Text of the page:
Milan (approximately 1,350,000 inhabitants, approximately 7,400,000 the metropolitan area) is the industrial, commercial and financial capital of Italy, and is one of the largest commercial and financial centers in the world.
Founded by the Insubri Celts (probably in 396 BC), it was temporarily occupied by the Romans in 222 BC. and then definitively annexed in 196 BC. In the imperial era the city experienced a rapid development. This made the city very important. At the beginning of the 4th century Milan became the seat of the emperor. Repeatedly sacked during the barbarian invasions, the city lost its role of capital, first for Ravenna, then for Pavia.
THE MIDDLE AGES AND THE RENAISSANCE
In the twelfth century Milan became a free municipality. It was then in 1162 that Federico I Barbarossa razed Milan to the ground. In 1311 the Visconti began to govern Milan with the title of imperial vicars (dukes from 1395, with Gian Galeazzo). Then in the following centuries, XIV and XV centuries, Milan extended its dominion over most of the regions of northern Italy, up to the Ligurian Sea and the borders of Tuscany.
After the death of Filippo Maria Visconti who left no heirs, the struggle for the succession was won by Francesco Sforza. The lordship of the Sforza family will continue until 1535. This was above all a period of peace and economic and cultural prosperity for the city. In 1540 Milan passed under Spanish rule.
In 1713, after the Spanish succession war, the city came under the control of Austria. During this period Milan experienced a rapid recovery, favored by the reforms of Maria Teresa of Austria, by the presence of active leadership, and by the vitality of its cultural centers. In the new united Italy (1859), Milan became the economic capital of the country.
WHAT TO SEE: THE MAIN ATTRACTIONS OF MILAN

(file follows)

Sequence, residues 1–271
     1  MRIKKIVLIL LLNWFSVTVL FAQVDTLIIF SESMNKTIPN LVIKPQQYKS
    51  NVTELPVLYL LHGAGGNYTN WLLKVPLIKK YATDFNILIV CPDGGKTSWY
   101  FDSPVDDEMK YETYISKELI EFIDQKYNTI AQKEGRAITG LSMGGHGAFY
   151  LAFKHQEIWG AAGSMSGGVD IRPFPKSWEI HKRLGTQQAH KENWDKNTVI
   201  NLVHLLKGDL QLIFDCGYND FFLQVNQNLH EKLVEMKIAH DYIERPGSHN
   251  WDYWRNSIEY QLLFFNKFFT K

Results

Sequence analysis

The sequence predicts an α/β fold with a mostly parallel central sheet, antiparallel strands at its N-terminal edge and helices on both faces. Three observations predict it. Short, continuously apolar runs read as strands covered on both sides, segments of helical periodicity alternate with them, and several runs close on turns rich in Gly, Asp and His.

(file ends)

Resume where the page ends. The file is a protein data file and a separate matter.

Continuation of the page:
The historical attractions of the city are contained between the Castello Sforzesco, Piazza Cairoli, Piazza Cordusio, Piazza Duomo and Piazza San Babila. The Duomo, in Gothic style (late 14th – 19th century), is one of the largest Gothic cathedrals in the world. The church has five naves and has a cross plan and can hold about 40,000 faithful.
On the northern side of the Piazza del Duomo is the Galleria Vittorio Emanuele II. This is a double arch covered gallery that connects Piazza del Duomo to Piazza della Scala, it is among the most beautiful shopping centers in Italy. The famous Teatro alla Scala (La Scala) is one of the most famous theaters in the world.
The Sforzesco Castle built in the fifteenth century is one of the most beautiful monuments in Milan, the castle contains three museums: the Museum of Applied Arts, the Archaeological Museum and the Museum of Historical Art (Museo d’Arte Antica del Castello Sforzesco). In the last museum is the famous Pietà Rondanini, the last work of Michelangelo and some paintings by Mantegna, Bellini, Leonardo da Vinci and Fra Filippo Lippi.
The Dominican church and convent of Santa Maria delle Grazie is home to one of Leonardo da Vinci’s most famous paintings, Leonardo’s Last Supper (Ultima Cena di Leonardo) which has been included in the UNESCO World Heritage List since 1980.
Other attractions are the Basilica of Sant’Ambrogio, the early Christian Basilica of San Lorenzo, the Ambrosiana Library and the Pinacoteca Ambrosiana, the Pinacoteca di Brera (Academy of Fine Arts of Brera), the National Museum of Science and Technology “Leonardo da Vinci “, the Civic Gallery of Modern Art, with works by Picasso, Matisse, Renoir, Gauguin and Cézanne.
Public transport in Milan: Milan has a metropolitan network that extends for more than 80 km with 3 lines (M1 – red, M2 – green, M3 – yellow). There is also a light metro service called “Metrò S. Raffaele”, which connects the San Raffaele Hospital with the Cascina Gobba metro station (M2). Milan also has an extensive tramway network with 20 lines that extend for more than 286 km. Vasto is also the bus network system with 93 bus lines that extend for more than 1070 km.
The climate of Milan.